Category: Markets

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Jack Rasmus: Breibart Billionaire Board Bashes Bannon

In the months ahead the Republican wing—for whom Trump has nicely delivered in the form of tax cuts in the trillions of dollars and with whom Trump is now playing ball with regard to free trade—will circle the wagons on behalf of Trump. The Republican party wing of the elite don’t want to drive Trump from the White House

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Juan Cole: Shell Terrified of EVs

Royal Dutch Shell, the massive oil company, has abruptly decided that petroleum prices are likely to remain low “forever,” given the rise of the electric vehicle

Michael Winship: Big Business, Congress, and the EpiPen

Cash and carry has become nothing more than standard operating procedure in politics and government, and it’s wrecking the republic. The whole system is rotten to the core

Sam Pizzigati: For the Wealthy, A Taxing New Worry

Thanks largely to Fleischer, this preferential tax treatment of “carried interest” has now become the single most notorious loophole in the federal tax code

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Jack Rasmus: Is the U.S. Economy Heading for Recession?

The recent 0.5 percent growth rate is the latest in a steady declining U.S. GDP growth trend over the past year.

Edward Morris: Why Bernie’s Right About Glass-Steagall

Most observers think Sanders is on a quixotic quest and, with Wall Street’s political power, the chances of any revival of Glass-Steagall are, like his election to the presidency, slim. Yet Sanders has a strong argument, one that can be effectively made using Citigroup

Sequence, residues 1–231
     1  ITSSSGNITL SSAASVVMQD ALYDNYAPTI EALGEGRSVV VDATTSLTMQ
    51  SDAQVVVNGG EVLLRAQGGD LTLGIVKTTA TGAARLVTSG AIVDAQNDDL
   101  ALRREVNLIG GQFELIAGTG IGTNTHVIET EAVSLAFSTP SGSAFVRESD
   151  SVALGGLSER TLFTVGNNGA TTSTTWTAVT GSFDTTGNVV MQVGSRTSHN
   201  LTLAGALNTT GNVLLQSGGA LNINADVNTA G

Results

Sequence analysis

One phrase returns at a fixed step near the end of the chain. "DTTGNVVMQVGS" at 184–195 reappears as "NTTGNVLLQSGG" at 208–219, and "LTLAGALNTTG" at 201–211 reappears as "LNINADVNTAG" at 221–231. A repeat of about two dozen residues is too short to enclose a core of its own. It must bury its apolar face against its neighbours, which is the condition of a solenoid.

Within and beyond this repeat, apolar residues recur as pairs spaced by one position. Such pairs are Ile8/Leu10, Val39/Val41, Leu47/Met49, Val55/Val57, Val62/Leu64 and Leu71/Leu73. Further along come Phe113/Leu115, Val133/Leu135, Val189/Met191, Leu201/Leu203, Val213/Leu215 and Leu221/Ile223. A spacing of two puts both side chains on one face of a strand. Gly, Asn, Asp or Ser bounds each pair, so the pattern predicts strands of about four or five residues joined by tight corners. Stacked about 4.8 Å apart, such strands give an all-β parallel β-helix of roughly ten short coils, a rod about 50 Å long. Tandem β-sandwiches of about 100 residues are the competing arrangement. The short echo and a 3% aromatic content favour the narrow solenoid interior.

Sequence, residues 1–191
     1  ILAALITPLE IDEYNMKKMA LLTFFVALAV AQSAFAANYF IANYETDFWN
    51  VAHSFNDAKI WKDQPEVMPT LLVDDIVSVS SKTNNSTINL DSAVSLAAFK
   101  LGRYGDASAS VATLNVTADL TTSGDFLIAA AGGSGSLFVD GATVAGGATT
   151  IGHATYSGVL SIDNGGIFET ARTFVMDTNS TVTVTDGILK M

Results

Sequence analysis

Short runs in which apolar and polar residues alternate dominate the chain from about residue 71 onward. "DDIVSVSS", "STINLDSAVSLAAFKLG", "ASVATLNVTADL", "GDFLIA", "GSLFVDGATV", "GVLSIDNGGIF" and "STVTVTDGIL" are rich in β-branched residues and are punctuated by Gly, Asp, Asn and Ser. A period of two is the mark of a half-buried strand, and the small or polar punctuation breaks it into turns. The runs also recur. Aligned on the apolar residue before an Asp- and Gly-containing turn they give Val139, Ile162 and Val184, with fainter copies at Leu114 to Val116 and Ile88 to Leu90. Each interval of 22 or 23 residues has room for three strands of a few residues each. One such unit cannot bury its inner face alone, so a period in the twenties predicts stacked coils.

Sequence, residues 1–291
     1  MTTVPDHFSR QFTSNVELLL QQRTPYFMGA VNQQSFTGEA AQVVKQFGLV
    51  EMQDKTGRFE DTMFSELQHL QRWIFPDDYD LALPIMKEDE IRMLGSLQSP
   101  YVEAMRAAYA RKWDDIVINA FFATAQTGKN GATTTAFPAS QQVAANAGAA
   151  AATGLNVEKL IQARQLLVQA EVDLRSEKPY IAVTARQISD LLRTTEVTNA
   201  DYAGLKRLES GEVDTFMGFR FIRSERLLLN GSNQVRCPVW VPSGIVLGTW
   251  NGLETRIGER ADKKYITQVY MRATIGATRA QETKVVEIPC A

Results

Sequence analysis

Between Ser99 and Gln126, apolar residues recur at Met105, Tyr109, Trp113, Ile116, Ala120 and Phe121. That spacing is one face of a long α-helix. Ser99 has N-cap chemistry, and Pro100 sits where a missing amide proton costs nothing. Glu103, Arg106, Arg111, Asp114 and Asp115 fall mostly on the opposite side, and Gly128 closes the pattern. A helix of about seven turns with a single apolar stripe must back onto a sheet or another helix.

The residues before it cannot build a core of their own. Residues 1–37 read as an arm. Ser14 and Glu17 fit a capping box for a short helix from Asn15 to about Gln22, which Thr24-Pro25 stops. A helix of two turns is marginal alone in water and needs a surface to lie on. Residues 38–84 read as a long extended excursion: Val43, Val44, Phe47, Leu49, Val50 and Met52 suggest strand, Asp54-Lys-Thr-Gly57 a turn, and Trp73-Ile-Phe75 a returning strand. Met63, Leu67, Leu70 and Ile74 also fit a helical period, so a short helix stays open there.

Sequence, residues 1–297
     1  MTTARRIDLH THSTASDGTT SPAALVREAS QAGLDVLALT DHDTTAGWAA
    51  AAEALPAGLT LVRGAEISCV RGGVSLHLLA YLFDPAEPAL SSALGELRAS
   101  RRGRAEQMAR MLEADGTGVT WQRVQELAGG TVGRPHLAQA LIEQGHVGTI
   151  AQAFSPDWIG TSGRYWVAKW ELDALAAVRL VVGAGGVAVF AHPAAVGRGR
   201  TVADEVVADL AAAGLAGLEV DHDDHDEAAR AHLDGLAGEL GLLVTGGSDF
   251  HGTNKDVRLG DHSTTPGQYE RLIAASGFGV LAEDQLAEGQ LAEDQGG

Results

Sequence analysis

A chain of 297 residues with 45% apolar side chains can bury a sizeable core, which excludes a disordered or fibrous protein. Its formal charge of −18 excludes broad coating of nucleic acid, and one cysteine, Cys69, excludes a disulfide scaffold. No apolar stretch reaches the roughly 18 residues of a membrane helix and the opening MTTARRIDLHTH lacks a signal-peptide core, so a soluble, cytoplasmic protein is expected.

Pete Dolack: Let Them Eat iPhones

What if instead banks became a public utility with an end to speculation? Proposals are being floated in the U.S. to create state banks, perhaps on the model of the successful Bank of North Dakota

Larry Cohen: Bernie Sanders and the Big Short

The Big Short provides the narrative for how Wall Street keeps that growth going, with little increase in real value, but lots of high salaries and high living that all count towards GDP.

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Andrew Gavin Marshall: Mafiocracy

On November 13, 2015, the United Kingdom’s Serious Fraud Office (SFO) announced it was charging ten individual bankers, working for two separate banks, Deutsche Bank and Barclays, with fraud over their rigging of the Euribor rates.

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Jack Rasmus: Systemic Fragility in the Global Economy, Part 2

At the most fundamental level, the shift from investing in real assets to financial asset investing occurs because the structure of the global economy today incentivizes financial asset investment more than real asset investment.

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